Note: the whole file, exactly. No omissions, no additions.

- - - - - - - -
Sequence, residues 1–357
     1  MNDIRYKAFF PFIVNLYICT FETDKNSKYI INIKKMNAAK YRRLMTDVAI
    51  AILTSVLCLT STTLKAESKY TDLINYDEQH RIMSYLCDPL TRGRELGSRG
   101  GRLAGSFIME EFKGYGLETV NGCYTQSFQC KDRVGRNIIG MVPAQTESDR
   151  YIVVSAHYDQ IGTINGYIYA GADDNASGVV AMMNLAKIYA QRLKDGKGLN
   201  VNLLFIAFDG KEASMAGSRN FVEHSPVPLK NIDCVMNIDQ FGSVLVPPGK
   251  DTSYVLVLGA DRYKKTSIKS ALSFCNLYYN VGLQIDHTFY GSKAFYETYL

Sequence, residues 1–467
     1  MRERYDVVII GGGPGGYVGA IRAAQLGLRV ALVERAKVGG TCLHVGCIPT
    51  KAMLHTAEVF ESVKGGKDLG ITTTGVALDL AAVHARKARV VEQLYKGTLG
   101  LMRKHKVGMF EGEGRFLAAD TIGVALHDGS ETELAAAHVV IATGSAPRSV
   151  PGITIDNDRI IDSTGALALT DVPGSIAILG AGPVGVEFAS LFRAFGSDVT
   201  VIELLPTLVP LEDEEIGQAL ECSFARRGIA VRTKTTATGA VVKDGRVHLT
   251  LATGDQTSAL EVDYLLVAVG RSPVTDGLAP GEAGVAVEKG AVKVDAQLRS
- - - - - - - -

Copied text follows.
Sequence, residues 1–357
     1  MNDIRYKAFF PFIVNLYICT FETDKNSKYI INIKKMNAAK YRRLMTDVAI
    51  AILTSVLCLT STTLKAESKY TDLINYDEQH RIMSYLCDPL TRGRELGSRG
   101  GRLAGSFIME EFKGYGLETV NGCYTQSFQC KDRVGRNIIG MVPAQTESDR
   151  YIVVSAHYDQ IGTINGYIYA GADDNASGVV AMMNLAKIYA QRLKDGKGLN
   201  VNLLFIAFDG KEASMAGSRN FVEHSPVPLK NIDCVMNIDQ FGSVLVPPGK
   251  DTSYVLVLGA DRYKKTSIKS ALSFCNLYYN VGLQIDHTFY GSKAFYETYL

Sequence, residues 1–467
     1  MRERYDVVII GGGPGGYVGA IRAAQLGLRV ALVERAKVGG TCLHVGCIPT
    51  KAMLHTAEVF ESVKGGKDLG ITTTGVALDL AAVHARKARV VEQLYKGTLG
   101  LMRKHKVGMF EGEGRFLAAD TIGVALHDGS ETELAAAHVV IATGSAPRSV
   151  PGITIDNDRI IDSTGALALT DVPGSIAILG AGPVGVEFAS LFRAFGSDVT
   201  VIELLPTLVP LEDEEIGQAL ECSFARRGIA VRTKTTATGA VVKDGRVHLT
   251  LATGDQTSAL EVDYLLVAVG RSPVTDGLAP GEAGVAVEKG AVKVDAQLRS